A ruling by the Austrian Senate found that two advertisements, featuring content from Casinos Austria and Austrian Lotteries, breached the Austrian press code of honour after promotional content was not marked as such.
The editorial-style adverts, which were published in Austrian newspapers Kronen Zeitung on 24 March and Kurier on 26 March this year, were found to be identical to an article published in another newspaper, Der Standard, where the piece was marked as a paid advertisement.
However, the Kronen Zeitung and Kurier articles were not marked as advertisements.
This was brought to light after a reader pointed out the inconsistency to the Austrian press council.
The unmarked articles were found to violate points three and four of the Austrian press code of honor, which call for distinctness and impartiality in editorial content.
The articles featured descriptions of charitable work supported by Casinos Austria and Austrian Lotteries, including a shelter for vulnerable people in Vienna and a Red Cross campaign.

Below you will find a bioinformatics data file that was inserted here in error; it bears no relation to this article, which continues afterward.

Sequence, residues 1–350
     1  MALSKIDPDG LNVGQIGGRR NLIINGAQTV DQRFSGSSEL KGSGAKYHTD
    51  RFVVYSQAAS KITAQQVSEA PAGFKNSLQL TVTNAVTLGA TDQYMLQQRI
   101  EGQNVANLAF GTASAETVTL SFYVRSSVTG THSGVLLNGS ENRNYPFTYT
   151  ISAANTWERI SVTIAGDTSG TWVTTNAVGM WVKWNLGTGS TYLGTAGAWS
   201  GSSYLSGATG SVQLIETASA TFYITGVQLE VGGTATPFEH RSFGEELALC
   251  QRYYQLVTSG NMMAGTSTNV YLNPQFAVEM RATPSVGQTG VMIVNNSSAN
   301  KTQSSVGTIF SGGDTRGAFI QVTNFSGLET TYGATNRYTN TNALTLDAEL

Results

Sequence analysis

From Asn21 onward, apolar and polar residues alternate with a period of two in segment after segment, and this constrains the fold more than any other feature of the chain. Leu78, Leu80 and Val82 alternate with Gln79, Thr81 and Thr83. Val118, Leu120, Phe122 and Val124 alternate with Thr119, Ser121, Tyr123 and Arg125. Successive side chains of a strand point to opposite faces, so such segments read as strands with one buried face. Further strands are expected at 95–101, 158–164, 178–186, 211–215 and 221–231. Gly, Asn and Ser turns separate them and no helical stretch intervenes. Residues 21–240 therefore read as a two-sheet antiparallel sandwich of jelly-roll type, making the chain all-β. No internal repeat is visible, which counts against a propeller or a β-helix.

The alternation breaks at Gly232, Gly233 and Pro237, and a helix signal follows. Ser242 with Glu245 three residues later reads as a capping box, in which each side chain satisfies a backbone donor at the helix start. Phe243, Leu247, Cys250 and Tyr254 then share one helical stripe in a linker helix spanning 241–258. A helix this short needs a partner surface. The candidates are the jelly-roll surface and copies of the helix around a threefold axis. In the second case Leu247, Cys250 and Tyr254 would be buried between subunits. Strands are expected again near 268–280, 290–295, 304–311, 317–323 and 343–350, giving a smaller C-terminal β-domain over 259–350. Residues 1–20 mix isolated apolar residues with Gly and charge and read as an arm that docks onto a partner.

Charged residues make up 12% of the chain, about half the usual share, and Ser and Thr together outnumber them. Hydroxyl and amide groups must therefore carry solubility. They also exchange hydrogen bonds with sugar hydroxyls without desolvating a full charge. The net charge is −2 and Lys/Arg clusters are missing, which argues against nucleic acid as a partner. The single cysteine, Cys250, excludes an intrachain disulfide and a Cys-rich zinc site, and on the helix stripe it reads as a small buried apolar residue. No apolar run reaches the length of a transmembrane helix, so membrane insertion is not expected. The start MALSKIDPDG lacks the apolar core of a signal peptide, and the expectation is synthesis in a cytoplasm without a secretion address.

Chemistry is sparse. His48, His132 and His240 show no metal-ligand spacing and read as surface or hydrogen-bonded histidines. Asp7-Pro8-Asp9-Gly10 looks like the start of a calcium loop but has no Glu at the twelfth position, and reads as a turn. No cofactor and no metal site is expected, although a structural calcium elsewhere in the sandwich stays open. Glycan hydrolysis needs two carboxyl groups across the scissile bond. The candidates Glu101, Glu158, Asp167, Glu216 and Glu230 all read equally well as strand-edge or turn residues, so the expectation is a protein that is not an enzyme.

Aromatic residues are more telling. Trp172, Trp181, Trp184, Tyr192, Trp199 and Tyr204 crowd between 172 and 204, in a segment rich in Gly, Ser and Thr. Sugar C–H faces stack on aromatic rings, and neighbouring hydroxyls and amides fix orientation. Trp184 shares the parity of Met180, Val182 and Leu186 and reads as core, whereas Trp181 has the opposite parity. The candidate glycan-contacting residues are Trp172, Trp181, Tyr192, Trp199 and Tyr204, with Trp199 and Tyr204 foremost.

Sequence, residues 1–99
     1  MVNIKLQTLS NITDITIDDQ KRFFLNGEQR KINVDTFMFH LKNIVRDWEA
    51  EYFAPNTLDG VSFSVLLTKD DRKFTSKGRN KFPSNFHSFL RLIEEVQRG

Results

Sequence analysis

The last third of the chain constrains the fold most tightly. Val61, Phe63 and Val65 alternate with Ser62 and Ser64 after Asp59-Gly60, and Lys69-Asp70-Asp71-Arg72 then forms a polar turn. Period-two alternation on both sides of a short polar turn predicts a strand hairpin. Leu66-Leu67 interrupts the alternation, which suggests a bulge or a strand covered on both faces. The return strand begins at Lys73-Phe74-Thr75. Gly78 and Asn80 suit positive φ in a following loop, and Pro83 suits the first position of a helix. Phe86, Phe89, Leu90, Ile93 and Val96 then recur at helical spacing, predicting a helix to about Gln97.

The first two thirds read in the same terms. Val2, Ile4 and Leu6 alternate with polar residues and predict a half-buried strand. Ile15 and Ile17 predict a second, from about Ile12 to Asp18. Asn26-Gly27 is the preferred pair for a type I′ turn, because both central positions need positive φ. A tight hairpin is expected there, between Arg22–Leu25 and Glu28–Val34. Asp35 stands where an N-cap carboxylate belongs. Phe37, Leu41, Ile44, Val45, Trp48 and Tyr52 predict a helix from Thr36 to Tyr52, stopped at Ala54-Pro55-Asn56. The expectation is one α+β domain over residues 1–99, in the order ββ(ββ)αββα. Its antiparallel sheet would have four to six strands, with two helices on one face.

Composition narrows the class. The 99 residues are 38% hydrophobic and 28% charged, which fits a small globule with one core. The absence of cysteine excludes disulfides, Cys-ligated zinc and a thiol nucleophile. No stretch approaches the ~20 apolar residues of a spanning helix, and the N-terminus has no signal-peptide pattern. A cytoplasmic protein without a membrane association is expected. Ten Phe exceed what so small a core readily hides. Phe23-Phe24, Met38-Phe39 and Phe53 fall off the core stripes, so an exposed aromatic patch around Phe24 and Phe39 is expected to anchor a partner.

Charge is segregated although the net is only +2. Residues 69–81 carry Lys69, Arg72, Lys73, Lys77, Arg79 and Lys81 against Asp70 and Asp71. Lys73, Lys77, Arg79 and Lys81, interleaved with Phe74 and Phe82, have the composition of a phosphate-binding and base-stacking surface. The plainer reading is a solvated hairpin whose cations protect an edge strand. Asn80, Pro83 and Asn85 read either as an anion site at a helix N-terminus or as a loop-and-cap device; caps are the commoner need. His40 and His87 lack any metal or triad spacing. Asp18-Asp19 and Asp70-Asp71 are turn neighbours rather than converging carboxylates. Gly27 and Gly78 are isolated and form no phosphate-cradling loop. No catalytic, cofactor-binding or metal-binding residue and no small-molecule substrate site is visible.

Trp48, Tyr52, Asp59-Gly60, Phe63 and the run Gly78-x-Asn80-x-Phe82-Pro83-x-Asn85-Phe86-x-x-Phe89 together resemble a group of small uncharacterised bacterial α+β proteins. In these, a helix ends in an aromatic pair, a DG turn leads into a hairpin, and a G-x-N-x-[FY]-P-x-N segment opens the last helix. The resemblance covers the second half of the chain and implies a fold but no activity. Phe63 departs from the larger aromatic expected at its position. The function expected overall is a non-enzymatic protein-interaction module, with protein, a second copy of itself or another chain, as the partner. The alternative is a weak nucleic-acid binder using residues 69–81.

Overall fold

In addition, a picture featuring two women with the text “Austria vaccines initiative” was included alongside each article, and was found to be owned by Austrian Lotteries.
Following an analysis, the Senate concluded that the articles were presented in a promotional fashion, with several hallmarks of a paid advertisement – including a lack of criticism or negativity towards the events presented.
In addition, the language used was of a promotional nature and the articles were replicated exactly across all three publications.
Even if a promotion is not paid for, it must clearly be marked as an advertisement in any press publication.
The Senate concluded that the articles should have been marked as advertisements and that readers were misled by the articles’ presentation as editorial content. It also called upon the publications to acknowledge this decision.